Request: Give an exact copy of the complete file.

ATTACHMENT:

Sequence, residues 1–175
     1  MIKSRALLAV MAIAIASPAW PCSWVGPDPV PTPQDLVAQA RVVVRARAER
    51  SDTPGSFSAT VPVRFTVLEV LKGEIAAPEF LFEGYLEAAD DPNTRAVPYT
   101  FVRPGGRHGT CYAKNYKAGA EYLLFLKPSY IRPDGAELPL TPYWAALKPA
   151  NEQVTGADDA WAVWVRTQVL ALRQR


Sequence, residues 1–175
     1  MIKSRALLAV MAIAIASPAW PCSWVGPDPV PTPQDLVAQA RVVVRARAER
    51  SDTPGSFSAT VPVRFTVLEV LKGEIAAPEF LFEGYLEAAD DPNTRAVPYT
   101  FVRPGGRHGT CYAKNYKAGA EYLLFLKPSY IRPDGAELPL TPYWAALKPA
   151  NEQVTGADDA WAVWVRTQVL ALRQR